In China’s latest bid to stop a new deadly virus from spreading, authorities are turning to sophisticated surveillance state tactics to enforce quarantines.
At least 60 million people in central China have been in a government-ordered lockdown since Jan. 23 as health officials scramble to contain a growing global health emergency. In China, those who choose to break quarantine orders are being caught and scolded not by a police officer, but by a drone.
Videos released by Chinese state media outlets show police-operated drones confronting citizens in public, warning them to take better precautions against the virus.
In one video, the aircraft hovers near an elderly woman and addresses her through a loudspeaker, telling her she needs to wear a breathing mask for protection.
“Yes auntie, this drone is speaking to you,” the voice says, according to translation in a report by China’s state-owned Global Times.
“You shouldn’t walk about without wearing a mask. You’d better go home, and don’t forget to wash your hands.”
The woman looks at the drone, wide-eyed, and scurries off.
In another video, shared on Twitter by Chinese state news agency Xinhua, a drone appears to approach an elderly couple on the street and urges them to “have better self-protection.”
“Return home immediately,” the official tells them through the speaker.
The tactic is even being used to break up social gatherings. In another clip, taken from Chinese social media platform Weibo by Reuters and shared widely online, a drone is used by police to advise a group of people playing mahjong to do so indoors.
“Playing mahjong outside is banned during the epidemic. You have been spotted,” authorities tell the group through the drone’s loudspeaker. “Stop playing and leave the site as soon as possible.”
To date, the new coronavirus has infected more than 43,000 people and killed at least 1,000, with 99 per cent of the cases found in China. The influenza-like illness — which has been named COVID-19, the World Health Organization announced on Tuesday — has been reported in two dozen other countries, with one death in the Philippines.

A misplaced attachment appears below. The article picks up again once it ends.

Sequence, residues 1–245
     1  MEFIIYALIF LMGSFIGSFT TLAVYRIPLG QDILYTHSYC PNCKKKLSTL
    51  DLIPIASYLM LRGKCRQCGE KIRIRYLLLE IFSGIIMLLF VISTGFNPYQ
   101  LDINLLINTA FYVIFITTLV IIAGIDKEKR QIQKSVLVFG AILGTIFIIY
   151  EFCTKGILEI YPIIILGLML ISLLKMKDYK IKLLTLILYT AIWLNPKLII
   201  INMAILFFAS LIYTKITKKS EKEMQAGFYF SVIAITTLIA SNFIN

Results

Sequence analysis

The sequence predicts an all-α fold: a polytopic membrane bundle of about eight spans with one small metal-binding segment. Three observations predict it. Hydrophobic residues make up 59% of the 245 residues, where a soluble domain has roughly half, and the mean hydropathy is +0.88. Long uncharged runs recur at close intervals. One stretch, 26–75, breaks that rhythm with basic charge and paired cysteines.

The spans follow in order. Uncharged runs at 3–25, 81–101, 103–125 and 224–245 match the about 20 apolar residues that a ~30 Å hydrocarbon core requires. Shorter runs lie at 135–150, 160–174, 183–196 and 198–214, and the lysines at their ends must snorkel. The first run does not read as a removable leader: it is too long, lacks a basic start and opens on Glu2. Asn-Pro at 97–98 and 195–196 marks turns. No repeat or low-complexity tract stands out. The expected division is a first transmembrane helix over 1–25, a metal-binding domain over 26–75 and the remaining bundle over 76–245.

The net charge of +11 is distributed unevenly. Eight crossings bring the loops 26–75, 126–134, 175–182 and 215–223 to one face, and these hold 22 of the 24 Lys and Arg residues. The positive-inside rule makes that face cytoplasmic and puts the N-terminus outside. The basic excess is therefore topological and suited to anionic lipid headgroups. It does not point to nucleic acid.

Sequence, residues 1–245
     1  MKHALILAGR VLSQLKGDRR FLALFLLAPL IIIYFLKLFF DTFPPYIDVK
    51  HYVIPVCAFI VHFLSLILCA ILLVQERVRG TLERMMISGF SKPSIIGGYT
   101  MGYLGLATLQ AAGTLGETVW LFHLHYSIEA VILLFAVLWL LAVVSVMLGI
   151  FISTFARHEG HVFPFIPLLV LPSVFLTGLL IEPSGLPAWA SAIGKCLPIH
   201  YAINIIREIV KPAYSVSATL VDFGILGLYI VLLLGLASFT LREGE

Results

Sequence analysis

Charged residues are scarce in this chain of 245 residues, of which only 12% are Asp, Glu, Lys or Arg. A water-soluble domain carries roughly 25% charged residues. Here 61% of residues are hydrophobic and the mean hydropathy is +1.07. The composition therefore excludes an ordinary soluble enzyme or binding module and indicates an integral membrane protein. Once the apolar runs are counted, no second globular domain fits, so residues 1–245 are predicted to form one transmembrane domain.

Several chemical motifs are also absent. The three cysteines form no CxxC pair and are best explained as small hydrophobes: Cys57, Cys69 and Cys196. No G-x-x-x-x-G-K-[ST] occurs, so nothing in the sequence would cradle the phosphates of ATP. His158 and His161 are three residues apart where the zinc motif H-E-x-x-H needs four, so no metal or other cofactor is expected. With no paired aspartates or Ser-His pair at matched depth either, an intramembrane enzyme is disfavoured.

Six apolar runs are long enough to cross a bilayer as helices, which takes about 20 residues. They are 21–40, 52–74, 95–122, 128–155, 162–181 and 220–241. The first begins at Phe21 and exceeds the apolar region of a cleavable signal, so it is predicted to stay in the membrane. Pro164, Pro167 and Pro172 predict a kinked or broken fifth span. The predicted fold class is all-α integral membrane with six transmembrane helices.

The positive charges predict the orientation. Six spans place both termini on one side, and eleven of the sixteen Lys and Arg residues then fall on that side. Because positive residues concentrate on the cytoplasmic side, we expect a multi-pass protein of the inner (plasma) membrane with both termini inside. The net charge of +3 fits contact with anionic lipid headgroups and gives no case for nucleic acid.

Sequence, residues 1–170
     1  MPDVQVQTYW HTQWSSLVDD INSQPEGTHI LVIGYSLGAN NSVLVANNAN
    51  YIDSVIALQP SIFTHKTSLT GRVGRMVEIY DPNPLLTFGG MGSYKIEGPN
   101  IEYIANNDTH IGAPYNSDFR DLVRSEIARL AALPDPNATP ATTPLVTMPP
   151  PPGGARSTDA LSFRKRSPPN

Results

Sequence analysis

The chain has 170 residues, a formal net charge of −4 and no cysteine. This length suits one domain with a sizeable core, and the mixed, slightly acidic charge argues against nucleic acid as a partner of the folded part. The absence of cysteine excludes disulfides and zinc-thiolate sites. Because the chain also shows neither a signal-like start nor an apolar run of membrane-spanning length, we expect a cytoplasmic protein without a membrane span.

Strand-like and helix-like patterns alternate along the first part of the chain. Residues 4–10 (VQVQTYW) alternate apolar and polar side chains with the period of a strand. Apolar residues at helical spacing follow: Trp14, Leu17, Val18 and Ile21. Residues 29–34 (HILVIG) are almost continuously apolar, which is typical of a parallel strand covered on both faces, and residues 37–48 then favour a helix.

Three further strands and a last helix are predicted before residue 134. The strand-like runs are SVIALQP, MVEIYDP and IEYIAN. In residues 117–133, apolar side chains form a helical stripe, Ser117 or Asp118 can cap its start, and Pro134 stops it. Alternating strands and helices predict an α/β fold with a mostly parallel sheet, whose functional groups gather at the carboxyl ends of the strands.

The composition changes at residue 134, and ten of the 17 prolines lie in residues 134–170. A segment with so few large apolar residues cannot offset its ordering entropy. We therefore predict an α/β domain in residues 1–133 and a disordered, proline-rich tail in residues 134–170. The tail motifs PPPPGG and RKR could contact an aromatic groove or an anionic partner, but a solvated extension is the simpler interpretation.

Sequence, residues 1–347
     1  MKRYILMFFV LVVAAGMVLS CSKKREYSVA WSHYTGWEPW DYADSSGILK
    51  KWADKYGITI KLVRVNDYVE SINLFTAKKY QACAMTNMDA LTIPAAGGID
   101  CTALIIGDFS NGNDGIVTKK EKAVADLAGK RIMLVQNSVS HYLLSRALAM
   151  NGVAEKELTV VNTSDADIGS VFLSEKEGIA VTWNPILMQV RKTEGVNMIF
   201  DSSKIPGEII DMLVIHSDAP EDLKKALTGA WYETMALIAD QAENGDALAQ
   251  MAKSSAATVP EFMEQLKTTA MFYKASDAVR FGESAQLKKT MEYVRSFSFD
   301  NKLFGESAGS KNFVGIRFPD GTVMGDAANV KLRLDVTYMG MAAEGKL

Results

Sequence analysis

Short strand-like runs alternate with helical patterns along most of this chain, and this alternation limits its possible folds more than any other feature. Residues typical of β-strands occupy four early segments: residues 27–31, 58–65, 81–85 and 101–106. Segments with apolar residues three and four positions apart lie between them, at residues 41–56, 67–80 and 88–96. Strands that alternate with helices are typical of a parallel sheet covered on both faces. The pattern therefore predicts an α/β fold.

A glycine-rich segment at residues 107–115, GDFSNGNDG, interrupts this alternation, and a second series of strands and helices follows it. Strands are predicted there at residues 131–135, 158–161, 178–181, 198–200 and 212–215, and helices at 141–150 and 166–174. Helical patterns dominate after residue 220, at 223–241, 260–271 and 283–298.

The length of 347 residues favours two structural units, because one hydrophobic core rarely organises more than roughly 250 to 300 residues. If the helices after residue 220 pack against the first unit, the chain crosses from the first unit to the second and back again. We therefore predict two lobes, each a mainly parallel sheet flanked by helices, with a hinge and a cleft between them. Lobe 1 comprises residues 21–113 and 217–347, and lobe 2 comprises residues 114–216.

China has struggled to contain the virus but, with one of the world’s most sophisticated systems of electronic surveillance, the health emergency has given authorities new reasons for new methods of control.
Drones are just the tip of the iceberg.
A number of Chinese mobile apps can now tell users if they’ve been on a flight or public transportation with a COVID-19 patient. Other apps use digital maps to show users buildings where infected people live. New systems from top-tier Chinese tech firms require passengers to provide personal information before taking buses, trains or taxis. The data collection is intended to build a trip history for each citizen and monitor those who might have been in contact with COVID-19 patients.
But, with millions of people wearing surgical masks, identifying a confirmed or suspected patient using China’s vast network of facial recognition technology isn’t as easy as it once was. A number of artificial intelligence companies are looking at ways to detect fevers and symptoms without a face identification.
One leading artificial intelligence firm has built a system that can be installed at building entrances and can identify people wearing masks using infrared cameras to detect temperatures. A fever is a key symptom of the new virus.
President Xi Jinping recently called for “greater legislative, law enforcement, judicial and law observance efforts to strengthen the capacity to carry out law-based infection prevention and control.”
He told top officials that epidemic control laws should be “strictly enforced.”
In Chinese provinces with confirmed virus cases, the enforcement is already well underway.
Citizens are being investigated and accused of “endangering public safety” by breaching quarantine or concealing travel history. In the most extreme case, authorities in the province of Heilongjiang have warned citizens could face the death penalty for deliberately spreading the virus by being out in public. In one county in Hebei, authorities are allegedly offering people bounties of 1,000 yan ($140) to tell on neighbours who have recently arrived from Wuhan.
The Chinese government’s handling of the crisis, however, has been criticized since the outbreak began. The death of a young doctor from the virus who had earlier been threatened by police for warning people online about the illness only fanned the flames of public outrage over the crisis.
— With files from Reuters and The Associated Press